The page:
By: Caitlin Garcia

No More Google Exact Match

In March, Google announced some pretty significant-sounding changes to their Exact Match keyword functionality. Historically Exact Match provided the safest way to bid on keywords in Google AdWords. With Exact Match, a user had to type in the exact word you were bidding on in order for your ad to show up – seems relevant right? What about plurals, the order of words and close variants?

Over the years, Google has made changes to the way it defines Exact Match precisely for the reasons stated above. If you sell dress shirts, do you want to limit your visibility because someone searches for [red button up shirt] instead of your keyword [red shirt with buttons] or [red dress shirt]? It comes as no surprise that Google is constantly learning and trying to adjust for these types of things – after all, they want to provide each unique user with the best experience possible.

With the latest changes to the way matching works, Exact Match keywords can show when a user’s particular search query shares the same words as your keyword, but in a different order. This is called ‘same meaning, different order.’ For example, if your keyword is [red polo shirt] and a user searches for [polo shirt red], your ad is eligible to show.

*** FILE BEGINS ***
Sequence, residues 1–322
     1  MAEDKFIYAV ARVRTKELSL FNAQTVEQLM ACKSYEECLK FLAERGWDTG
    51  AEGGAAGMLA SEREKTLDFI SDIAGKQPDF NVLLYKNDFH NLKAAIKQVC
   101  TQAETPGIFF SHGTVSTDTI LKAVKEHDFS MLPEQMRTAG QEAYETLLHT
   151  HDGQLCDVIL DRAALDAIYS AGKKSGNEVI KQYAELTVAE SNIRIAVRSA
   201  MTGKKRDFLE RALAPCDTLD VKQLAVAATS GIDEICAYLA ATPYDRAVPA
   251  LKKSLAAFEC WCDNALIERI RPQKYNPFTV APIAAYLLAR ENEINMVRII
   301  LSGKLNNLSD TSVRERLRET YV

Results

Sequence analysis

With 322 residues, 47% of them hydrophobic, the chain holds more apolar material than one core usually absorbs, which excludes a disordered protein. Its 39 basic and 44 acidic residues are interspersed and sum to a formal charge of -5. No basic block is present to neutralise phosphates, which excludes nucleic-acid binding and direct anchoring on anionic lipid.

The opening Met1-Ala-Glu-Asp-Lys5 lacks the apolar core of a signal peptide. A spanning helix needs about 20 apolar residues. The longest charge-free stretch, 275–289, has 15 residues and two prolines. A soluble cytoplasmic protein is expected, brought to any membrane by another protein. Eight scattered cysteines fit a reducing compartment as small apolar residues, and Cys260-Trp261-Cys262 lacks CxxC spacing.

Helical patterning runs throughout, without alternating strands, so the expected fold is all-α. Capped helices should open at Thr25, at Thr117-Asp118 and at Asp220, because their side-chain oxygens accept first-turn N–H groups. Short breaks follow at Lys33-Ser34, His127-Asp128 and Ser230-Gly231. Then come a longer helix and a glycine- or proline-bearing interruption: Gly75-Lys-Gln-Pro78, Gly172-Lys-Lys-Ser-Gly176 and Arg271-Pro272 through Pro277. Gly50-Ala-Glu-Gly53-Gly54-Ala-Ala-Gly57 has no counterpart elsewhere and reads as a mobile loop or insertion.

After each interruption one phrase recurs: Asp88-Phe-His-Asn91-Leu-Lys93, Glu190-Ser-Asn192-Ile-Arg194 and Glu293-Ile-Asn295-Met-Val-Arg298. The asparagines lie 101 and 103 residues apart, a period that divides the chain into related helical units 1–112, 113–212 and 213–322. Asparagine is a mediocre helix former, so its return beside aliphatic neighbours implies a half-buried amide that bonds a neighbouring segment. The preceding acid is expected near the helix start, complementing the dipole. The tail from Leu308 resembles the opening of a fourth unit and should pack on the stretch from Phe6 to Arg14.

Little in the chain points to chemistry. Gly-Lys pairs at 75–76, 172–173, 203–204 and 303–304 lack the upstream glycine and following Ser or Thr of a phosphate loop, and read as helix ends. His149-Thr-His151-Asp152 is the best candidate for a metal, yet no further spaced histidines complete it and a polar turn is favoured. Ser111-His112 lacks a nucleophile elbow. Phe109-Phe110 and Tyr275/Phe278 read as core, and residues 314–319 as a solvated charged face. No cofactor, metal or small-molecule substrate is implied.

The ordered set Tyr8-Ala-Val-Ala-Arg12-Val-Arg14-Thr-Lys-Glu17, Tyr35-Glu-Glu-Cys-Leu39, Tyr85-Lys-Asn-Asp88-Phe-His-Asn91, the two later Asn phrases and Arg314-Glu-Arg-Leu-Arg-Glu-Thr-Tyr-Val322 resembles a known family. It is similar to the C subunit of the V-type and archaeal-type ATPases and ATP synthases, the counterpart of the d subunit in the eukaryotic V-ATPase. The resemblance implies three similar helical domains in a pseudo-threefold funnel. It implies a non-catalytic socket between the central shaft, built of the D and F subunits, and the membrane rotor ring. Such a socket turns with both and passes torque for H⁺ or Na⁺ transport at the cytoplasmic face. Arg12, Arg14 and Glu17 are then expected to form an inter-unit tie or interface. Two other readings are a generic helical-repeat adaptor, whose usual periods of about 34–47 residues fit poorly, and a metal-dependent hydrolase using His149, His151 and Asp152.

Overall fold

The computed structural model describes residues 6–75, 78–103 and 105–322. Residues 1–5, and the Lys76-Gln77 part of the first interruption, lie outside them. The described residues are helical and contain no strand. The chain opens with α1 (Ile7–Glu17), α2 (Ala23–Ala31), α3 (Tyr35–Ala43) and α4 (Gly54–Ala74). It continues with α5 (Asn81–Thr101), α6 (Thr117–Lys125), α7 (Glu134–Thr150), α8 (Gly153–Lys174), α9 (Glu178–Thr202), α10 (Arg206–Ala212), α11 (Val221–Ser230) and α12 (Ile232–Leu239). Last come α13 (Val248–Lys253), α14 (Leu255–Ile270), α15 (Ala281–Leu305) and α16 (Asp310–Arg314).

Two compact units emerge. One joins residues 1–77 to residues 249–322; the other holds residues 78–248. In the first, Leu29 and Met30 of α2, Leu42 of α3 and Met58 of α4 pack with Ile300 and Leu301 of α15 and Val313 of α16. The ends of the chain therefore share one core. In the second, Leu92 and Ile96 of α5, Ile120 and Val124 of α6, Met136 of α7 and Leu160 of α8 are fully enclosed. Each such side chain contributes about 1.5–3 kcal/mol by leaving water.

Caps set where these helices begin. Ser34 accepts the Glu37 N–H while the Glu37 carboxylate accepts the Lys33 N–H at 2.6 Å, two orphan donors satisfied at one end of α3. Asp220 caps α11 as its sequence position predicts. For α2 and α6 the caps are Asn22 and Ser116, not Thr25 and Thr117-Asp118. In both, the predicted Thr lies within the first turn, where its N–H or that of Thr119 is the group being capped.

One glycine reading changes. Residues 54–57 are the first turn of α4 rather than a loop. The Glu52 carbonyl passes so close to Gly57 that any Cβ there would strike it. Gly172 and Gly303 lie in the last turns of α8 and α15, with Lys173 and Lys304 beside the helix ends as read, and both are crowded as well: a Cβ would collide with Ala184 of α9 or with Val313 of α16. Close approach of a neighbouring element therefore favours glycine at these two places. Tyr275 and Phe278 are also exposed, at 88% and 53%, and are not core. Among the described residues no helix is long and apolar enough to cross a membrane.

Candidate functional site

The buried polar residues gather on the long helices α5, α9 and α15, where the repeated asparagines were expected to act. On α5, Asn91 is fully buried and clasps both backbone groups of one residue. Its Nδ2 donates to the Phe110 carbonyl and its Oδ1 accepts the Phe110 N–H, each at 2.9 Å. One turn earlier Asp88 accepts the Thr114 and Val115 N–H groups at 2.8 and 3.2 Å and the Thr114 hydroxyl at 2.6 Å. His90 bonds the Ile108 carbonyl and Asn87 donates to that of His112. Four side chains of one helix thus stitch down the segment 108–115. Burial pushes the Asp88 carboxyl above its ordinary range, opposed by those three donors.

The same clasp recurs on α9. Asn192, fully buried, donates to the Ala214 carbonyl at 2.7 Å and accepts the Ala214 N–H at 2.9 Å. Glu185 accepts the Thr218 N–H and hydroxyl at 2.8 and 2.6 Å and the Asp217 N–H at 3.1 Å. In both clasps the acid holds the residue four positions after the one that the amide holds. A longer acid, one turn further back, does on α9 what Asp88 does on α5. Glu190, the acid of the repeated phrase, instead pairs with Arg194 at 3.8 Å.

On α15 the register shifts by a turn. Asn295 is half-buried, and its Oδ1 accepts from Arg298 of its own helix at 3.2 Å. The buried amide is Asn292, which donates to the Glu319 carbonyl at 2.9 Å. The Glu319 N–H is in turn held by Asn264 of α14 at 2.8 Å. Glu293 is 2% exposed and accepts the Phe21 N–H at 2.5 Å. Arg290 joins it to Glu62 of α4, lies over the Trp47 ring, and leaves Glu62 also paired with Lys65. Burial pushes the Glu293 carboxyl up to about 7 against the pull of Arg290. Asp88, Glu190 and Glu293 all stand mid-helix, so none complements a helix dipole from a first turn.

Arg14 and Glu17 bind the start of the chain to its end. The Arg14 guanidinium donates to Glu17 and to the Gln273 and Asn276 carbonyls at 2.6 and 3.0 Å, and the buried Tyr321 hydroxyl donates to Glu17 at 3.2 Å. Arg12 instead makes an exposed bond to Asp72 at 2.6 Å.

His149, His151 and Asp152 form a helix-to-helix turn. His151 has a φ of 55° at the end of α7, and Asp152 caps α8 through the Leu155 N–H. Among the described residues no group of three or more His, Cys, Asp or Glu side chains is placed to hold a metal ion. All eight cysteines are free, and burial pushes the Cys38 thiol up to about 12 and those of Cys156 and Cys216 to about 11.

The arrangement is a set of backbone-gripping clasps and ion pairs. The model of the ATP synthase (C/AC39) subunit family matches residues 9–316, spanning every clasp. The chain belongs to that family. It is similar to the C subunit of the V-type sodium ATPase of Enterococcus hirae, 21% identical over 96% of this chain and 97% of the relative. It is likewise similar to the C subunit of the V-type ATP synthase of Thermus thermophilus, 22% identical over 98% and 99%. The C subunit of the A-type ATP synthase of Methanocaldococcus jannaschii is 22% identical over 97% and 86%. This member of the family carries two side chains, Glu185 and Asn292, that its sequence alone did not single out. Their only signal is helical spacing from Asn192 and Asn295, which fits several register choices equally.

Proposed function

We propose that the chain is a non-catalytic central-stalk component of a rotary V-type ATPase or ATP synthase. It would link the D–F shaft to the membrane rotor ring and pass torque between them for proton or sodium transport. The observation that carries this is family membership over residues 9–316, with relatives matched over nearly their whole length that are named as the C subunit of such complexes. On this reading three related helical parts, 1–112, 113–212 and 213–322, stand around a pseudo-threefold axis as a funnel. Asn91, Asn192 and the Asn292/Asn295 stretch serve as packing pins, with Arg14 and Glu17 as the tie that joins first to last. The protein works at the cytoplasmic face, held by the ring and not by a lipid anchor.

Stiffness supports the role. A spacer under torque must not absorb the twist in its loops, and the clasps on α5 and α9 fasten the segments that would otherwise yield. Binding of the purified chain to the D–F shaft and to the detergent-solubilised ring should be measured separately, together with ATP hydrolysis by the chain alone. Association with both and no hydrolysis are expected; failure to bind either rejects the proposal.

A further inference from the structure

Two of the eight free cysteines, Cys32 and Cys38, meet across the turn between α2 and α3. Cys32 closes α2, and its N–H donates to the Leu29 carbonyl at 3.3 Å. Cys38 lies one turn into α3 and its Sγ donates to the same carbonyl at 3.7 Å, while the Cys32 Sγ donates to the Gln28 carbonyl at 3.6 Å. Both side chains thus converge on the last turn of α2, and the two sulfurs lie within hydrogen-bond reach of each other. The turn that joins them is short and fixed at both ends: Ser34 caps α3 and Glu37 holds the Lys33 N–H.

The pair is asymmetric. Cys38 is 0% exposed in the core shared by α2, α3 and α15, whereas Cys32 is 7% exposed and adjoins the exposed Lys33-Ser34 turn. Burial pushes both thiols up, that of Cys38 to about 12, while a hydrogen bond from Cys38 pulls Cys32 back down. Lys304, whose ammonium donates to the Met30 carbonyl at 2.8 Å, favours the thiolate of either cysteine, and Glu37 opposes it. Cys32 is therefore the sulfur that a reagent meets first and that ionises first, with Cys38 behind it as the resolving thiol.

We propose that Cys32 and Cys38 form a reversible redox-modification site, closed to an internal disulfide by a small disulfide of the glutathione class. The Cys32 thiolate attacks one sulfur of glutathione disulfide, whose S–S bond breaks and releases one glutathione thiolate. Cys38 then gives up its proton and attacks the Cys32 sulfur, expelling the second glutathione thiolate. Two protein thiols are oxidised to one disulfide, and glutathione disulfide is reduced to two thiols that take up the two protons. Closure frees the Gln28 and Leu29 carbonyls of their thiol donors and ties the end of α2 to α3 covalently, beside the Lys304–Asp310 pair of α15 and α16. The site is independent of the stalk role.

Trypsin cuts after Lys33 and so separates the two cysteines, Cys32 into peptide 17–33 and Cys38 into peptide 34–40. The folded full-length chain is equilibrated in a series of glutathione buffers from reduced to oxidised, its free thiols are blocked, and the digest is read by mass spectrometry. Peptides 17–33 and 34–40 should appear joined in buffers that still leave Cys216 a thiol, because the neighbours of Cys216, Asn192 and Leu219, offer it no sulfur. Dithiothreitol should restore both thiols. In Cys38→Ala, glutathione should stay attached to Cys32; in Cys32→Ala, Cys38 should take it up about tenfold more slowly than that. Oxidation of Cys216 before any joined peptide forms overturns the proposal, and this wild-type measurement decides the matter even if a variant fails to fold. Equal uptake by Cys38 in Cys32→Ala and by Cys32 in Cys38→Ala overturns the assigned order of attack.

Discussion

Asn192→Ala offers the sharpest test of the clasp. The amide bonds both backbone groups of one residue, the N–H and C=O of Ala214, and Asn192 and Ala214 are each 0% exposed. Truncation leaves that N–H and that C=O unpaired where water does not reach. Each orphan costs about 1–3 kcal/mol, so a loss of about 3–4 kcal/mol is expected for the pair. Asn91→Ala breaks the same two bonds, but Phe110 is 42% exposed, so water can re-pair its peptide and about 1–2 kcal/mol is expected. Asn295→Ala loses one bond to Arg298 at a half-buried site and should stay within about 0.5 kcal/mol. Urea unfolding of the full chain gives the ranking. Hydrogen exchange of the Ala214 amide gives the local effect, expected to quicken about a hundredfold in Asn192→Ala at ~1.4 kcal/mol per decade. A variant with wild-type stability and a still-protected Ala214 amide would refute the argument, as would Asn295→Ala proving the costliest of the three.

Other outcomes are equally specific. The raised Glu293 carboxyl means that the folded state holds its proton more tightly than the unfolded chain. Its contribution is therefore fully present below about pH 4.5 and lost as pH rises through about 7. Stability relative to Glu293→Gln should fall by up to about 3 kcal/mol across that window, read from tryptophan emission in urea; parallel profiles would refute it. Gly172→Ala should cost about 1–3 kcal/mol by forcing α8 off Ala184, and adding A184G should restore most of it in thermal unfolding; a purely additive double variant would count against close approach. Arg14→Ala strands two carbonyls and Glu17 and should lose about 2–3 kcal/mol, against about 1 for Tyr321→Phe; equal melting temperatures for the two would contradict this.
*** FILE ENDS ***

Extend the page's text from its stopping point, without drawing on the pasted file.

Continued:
They’ve also defined a change in ‘function words.’ Function words will allow your ad to show for a search like [grocery store Denver] even if your Exact Match keyword is [grocery store in Denver]…again, an extremely relevant search for you.

What Does This Mean to Me?

While they seem scary, these changes should inevitably help your advertising campaigns and save you time in the long run. You’ll no longer have to spend time building countless variations of keywords. This doesn’t mean that you should be diving into your programs removing all the variations that you’ve spent countless hours building. Leave those alone! They’ve collected precious historical data and in true Google fashion, they’ve stated that they ultimately prefer the exact keyword variations.

Watch Your Back

Yes! Less time building keyword strategies because Google has us covered on anything similar and relevant! Not so fast…

It’s important to think about terms who’s order and plurality changes their meaning. If you have a word in your strategy like [custom paint job] and someone searches for [customs job paint], you could be showing up in irrelevant results. So for now, keep a close eye on your strategies, monitor the search query reports and make sure you are planning a strategy that takes all of these changes into consideration for your particular brand.

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